Johannesburg- Thabani Dube, the self-taught pizza maker from South Africa’s sprawling township of Umlazi V section in KwaZulu-Natal, is a man on a mission.
The 21-year-old Fine Arts graduate took advantage of the hard lockdown last year as the government’s direct response to the crippling effects of the Covid-19 pandemic, and established a pizza enterprise on a shoestring budget.
The government regulations prohibited fast food outlets from running their operations. He said it was under this climate of doom and gloom in which his idea flourished and coined his newly found business venture “The Pizza Guy NUZ”.
NUZ is a common reference for the township located on the southwest of Durban derived from the vehicle registration plate attached to the township.
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“Around the township, I would listen to them lamenting about how they missed going out, yearning for their favorite eateries. I then discovered that the common thread in the conversations was their undying love of pizza. This propelled me to toss ideas around and I also got some help from the various internet searches. I was also inspired by my mother’s cooking,” Dube said.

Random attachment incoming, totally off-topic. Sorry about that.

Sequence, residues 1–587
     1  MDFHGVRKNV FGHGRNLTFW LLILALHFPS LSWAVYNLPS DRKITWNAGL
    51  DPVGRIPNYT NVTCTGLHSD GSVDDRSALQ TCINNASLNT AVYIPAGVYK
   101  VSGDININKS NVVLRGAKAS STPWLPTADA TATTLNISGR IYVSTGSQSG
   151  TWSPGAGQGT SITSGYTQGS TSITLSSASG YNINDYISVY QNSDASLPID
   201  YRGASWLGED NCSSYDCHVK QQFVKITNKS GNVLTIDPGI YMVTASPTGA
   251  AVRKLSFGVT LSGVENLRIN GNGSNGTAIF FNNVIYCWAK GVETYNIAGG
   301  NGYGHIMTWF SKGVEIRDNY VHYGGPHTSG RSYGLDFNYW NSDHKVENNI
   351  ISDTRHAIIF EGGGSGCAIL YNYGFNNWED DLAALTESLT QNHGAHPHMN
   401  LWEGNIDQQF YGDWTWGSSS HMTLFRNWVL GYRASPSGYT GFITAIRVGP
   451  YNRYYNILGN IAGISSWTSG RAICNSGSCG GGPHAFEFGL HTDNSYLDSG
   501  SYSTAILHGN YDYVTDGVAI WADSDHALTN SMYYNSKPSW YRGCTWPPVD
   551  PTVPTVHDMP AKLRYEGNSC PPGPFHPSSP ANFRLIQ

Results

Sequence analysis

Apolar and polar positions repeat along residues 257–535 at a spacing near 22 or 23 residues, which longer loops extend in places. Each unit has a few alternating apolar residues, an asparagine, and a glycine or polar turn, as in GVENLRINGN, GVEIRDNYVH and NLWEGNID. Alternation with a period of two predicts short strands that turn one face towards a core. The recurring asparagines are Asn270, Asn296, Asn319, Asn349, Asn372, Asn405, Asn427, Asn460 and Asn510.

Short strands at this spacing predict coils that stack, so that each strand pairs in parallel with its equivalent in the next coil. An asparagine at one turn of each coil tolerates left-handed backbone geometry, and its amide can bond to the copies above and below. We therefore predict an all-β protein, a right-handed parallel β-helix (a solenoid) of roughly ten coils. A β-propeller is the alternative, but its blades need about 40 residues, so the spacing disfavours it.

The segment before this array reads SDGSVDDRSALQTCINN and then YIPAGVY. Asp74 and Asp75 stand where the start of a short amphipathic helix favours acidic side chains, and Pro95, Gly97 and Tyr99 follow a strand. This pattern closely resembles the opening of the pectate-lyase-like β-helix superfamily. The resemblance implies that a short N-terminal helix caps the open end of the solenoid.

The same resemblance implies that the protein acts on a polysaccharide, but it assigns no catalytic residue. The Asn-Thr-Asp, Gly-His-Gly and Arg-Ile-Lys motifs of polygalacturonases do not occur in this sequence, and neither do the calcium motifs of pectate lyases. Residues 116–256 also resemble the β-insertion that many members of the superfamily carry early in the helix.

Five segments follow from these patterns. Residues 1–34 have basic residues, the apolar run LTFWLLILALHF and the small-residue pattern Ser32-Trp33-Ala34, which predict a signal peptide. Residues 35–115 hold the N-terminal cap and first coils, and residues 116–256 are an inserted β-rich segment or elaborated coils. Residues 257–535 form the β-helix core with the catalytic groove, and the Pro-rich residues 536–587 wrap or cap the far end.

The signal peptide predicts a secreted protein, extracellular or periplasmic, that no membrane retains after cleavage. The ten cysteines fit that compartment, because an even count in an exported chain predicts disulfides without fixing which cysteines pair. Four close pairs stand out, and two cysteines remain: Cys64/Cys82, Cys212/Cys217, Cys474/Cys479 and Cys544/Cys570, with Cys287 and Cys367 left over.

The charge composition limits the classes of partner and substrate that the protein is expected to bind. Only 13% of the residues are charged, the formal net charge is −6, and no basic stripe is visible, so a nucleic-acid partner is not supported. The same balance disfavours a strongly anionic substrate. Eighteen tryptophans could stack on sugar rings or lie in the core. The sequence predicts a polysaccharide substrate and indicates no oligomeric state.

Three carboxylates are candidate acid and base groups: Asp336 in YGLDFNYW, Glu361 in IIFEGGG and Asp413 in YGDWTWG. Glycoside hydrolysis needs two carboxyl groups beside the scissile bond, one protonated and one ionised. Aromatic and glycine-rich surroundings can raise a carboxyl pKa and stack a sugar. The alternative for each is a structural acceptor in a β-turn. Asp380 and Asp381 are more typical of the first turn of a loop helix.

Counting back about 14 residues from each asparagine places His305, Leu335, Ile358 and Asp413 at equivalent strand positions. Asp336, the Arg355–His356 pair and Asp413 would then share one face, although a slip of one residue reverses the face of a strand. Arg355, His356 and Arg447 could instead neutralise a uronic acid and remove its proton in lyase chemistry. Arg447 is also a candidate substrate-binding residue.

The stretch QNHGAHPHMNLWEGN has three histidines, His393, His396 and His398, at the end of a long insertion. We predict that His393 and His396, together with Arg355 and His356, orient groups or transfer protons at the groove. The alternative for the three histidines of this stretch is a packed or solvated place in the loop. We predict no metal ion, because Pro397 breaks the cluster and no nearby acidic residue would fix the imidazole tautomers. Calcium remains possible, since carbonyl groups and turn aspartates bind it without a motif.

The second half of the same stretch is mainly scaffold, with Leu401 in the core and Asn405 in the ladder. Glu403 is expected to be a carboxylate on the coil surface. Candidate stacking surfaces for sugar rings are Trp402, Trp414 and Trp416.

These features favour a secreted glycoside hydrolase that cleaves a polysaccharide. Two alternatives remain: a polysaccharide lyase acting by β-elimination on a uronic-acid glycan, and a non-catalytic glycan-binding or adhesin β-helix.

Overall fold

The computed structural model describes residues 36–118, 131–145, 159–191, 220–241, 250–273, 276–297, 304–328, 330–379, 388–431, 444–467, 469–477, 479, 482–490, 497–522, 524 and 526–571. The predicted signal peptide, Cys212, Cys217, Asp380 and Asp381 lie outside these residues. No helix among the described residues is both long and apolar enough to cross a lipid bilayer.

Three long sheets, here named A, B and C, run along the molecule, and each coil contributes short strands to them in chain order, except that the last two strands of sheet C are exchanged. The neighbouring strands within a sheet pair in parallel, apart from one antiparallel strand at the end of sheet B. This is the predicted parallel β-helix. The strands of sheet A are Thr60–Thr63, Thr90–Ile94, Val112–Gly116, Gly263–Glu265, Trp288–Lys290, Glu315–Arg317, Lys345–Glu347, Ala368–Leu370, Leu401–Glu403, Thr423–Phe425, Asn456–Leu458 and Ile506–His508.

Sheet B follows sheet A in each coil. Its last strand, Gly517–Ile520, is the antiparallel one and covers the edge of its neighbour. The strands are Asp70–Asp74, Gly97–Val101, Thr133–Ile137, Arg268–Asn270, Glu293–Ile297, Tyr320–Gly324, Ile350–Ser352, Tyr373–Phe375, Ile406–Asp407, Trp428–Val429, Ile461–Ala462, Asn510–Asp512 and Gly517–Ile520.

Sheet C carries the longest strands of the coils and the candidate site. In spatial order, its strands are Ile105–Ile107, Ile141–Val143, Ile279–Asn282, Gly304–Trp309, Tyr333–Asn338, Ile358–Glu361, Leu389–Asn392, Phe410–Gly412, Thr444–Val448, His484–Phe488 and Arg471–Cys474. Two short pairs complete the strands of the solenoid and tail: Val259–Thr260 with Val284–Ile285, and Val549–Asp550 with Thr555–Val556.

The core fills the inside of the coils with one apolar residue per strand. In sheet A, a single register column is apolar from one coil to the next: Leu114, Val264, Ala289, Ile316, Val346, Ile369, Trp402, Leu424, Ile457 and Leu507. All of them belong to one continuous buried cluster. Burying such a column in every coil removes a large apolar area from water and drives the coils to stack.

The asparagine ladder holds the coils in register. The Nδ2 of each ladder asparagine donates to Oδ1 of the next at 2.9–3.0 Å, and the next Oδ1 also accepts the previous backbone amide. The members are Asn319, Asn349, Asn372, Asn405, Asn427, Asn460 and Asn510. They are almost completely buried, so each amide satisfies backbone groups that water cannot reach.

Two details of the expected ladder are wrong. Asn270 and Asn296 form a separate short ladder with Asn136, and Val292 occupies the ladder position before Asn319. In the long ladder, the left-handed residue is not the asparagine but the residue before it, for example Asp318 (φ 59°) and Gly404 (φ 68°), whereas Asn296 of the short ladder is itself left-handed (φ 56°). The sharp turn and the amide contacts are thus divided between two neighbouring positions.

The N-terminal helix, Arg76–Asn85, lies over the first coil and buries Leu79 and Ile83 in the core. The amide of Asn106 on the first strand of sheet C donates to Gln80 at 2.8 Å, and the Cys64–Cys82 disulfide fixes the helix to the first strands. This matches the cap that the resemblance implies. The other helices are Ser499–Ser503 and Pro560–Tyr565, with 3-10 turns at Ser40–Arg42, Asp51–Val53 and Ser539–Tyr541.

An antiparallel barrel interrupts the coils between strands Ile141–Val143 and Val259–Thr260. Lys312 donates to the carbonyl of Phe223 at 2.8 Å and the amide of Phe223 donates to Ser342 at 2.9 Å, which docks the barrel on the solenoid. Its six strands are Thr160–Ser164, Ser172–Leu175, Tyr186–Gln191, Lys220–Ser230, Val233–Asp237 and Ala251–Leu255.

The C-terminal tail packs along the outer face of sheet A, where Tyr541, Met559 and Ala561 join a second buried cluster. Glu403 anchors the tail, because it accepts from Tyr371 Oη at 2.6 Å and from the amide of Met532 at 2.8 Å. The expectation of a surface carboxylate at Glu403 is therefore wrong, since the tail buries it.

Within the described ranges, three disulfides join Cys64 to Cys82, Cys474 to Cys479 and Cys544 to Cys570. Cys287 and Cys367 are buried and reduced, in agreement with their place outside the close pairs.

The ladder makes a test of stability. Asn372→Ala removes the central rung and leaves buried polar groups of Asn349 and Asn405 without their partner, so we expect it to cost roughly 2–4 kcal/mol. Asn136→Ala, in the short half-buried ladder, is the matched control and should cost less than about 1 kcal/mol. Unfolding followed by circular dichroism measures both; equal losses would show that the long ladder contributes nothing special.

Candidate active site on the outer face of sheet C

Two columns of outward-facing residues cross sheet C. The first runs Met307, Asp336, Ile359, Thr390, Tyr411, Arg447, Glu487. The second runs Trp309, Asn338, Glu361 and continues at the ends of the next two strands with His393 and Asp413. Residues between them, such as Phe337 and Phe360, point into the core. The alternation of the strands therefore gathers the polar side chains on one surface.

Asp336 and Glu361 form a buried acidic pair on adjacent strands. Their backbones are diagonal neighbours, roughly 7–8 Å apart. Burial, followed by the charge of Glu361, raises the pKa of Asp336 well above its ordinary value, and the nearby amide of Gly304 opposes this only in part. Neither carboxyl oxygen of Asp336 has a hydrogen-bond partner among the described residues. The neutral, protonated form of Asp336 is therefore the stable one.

It didn’t take long for Dube to put what he had gathered through the internet into action, subsequently cooking his first pizza using his mother’s kitchen microwave. He then provided free samples to his neighbours who gave his home-cooked pizza the green light.
He added that his secret lies in the delicate touch of African indigenous recipes mixed with eastern mosaic flavors. He also caters for other iconic pizza preferences such as mushrooms, BBQ chicken, vegetables and meat lovers’ pizza.
“I would say that it was an experiment which went right because I only spent about R1 000 as starting capital. I make pizzas from scratch, from mixing the dough to the toppings.
“For now, we only cover Umlazi due to transportation, but it doesn’t stop people from coming by to pick up their orders.”
Dube has big plans in the pipeline, saying he wants to grow his business into a formidable pizza making enterprise and contribute to job creation.
“At the moment I employ people on a casual basis because I’m working from home using a family kitchen. The demand is growing by the day and the unavailability of big machinery and space is substantially limiting.”
Dube also has a message for aspiring entrepreneurs. “Don’t wait for the perfect moment to come, just start,” he said.
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